FIG. 6 is a plot of VOUT of FIG. 4 simulated for a 13 Ampere (A) step increase in the load current lo followed by a 13 A step decrease in lo where Vin=10V, Vref=1.76V, L=1 microhenry (μH), Co=800 microfarads (μF), and ESR=0; these are the same parameters as plotted in FIG. 3 for the power supply 10 of FIG. 1. As compared to the supply 10, the modified topology of the power supply 40 stabilizes the supply so as to virtually eliminate transient “ringing” on VOUT in response to the step changes in the load current, and lowers VT from about 70 mV to about 35 mV. Because for the same parameters, the VT of the supply 40 is approximately ˝ the VT of the supply 10, if one specifies a VT of 70 mV, then he can reduce the value of Co of the supply 40 to 400 μF, which is half the 800 μF value of Co of the supply 10. That is, using a Co=400 μF in the power supply 10 yields a VT of approximately 70 mV. This reduction in the value of Co may reduce the size and cost of Co as compared to the Co of the supply 10, and thus may reduce the size and cost of the supply 40 as compared to the supply 10.

FIG. 7 is a schematic diagram of a sensing circuit 50 and the portion of the power supply 40 of FIG. 1 to which the sensing circuit is connected according to an embodiment of the invention. The sensing circuit 50 can be included in the power supply 40 of FIG. 4 to provide a temperature-stable value for Vsense. That is, the circuit 50 reduces the sensitivity of Vsense to temperature as compared to Vsense being measured directly across Q2 as shown in FIG. 4. The circuit 50 may be entirely or partially disposed on the IC 42, or may be totally disposed external to the IC 42. However, where the sensing circuit 50 is disposed entirely on the IC 42, the components of the sensing circuit may be more closely matched to each other; therefore, the sensing circuit may provide Vsense with a lower temperature sensitivity than where some or all of the components of the sensing circuit are disposed off chip.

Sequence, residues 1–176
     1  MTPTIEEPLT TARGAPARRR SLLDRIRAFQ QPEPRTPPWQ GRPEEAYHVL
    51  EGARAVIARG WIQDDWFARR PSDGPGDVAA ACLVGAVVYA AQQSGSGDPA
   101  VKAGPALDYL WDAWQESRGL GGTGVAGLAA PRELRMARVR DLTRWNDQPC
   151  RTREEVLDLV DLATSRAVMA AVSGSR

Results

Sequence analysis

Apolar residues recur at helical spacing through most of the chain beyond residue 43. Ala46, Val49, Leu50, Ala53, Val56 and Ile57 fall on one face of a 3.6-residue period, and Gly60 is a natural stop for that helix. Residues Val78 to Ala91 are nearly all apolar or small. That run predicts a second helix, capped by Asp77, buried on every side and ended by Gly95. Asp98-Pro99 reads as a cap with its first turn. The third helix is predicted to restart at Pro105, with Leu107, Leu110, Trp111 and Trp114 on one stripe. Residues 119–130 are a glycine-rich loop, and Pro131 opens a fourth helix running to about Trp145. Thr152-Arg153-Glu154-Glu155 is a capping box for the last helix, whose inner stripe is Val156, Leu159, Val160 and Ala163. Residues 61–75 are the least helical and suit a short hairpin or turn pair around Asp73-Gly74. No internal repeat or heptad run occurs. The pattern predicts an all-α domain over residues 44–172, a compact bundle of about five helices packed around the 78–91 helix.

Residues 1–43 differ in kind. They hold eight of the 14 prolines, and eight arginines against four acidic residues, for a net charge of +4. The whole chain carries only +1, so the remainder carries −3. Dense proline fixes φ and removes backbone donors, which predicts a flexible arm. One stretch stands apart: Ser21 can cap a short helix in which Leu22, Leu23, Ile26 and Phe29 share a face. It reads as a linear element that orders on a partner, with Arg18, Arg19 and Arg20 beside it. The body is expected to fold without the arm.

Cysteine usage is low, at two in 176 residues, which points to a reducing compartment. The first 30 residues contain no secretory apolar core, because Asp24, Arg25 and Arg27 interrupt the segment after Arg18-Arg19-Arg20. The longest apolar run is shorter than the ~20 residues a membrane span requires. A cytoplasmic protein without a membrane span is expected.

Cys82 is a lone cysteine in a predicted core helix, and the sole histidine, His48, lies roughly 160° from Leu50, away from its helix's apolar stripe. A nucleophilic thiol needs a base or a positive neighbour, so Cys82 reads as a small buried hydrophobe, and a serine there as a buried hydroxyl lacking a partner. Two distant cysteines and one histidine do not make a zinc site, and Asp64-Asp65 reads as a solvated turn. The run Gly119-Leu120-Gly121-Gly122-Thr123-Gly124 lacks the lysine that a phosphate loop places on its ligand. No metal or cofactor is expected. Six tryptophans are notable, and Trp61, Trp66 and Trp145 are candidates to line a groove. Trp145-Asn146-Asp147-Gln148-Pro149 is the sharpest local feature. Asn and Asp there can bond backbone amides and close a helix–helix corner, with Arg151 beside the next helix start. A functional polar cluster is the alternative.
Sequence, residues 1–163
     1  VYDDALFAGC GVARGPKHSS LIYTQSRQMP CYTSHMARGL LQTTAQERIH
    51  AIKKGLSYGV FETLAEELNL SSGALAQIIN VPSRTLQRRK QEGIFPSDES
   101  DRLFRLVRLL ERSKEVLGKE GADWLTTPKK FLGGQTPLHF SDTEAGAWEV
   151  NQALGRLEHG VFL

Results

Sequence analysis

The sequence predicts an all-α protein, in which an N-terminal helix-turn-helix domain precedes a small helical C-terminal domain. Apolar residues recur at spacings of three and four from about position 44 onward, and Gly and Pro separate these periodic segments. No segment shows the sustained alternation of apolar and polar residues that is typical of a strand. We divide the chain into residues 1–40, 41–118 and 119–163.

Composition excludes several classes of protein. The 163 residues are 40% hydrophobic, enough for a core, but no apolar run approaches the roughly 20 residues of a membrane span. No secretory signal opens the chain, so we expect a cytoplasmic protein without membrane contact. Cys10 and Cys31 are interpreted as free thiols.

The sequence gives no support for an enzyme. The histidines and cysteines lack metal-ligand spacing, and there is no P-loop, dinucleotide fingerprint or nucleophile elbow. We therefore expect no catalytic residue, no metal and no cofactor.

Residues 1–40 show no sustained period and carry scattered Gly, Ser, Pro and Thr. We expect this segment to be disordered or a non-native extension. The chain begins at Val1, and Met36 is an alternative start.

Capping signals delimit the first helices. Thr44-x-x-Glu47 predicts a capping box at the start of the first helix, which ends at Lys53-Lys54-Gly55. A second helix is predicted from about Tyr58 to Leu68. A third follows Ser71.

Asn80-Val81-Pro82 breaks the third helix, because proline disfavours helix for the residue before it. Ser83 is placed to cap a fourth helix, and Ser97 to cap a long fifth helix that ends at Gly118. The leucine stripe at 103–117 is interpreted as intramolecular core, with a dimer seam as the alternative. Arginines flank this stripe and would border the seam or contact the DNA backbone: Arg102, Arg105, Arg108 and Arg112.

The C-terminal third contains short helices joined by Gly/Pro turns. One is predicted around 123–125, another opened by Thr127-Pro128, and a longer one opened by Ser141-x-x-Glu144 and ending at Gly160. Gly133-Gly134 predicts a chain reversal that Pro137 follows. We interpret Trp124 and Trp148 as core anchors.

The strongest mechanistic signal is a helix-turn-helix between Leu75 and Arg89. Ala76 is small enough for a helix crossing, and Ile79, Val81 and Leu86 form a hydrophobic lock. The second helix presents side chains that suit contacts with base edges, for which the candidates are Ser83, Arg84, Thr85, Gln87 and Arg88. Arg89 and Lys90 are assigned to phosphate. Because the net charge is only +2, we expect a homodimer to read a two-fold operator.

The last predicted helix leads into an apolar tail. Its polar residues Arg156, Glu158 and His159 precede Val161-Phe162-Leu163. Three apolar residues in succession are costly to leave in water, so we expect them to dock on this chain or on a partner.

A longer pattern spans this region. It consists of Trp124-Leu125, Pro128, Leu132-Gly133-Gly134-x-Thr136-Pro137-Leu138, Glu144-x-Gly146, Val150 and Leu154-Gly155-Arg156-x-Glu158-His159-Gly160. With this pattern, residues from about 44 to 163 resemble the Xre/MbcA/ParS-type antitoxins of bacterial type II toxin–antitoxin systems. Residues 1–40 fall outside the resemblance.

In addition to the transistor Q2, the sensing circuit 50 includes transistors Q3 and Q4, a differential amplifier 52, and a resistive sense element 54, here a sense resistor. The transistors Q2 and Q3 have similar dimensions, and the gain G of the amplifier 52 and the value of the sense amplifier 54 are selected such that Isense/IQ2 is small, for example 1/1000. Also, the thermal response of Q2 closely matches that of Q3; a sufficient matching of the thermal response typically occurs where Q2 and Q3 are disposed on the same IC.

The operation of the sensing circuit 50 is now described in conjunction with FIGS. 4 and 7 according to an embodiment of the invention. For purposes of example, the temperature sensitivity of the resistor 54 is ignored, and the gain G of the amplifier and the value of the sense resistor 54 are selected such that Isense/IQ2≈1/1000.

When the one shot 14 (FIG. 4) deactivates the transistor Q1 and activates the transistor Q2 during the discharge time Toff (FIG. 5B), the one shot also activates the transistor Q3.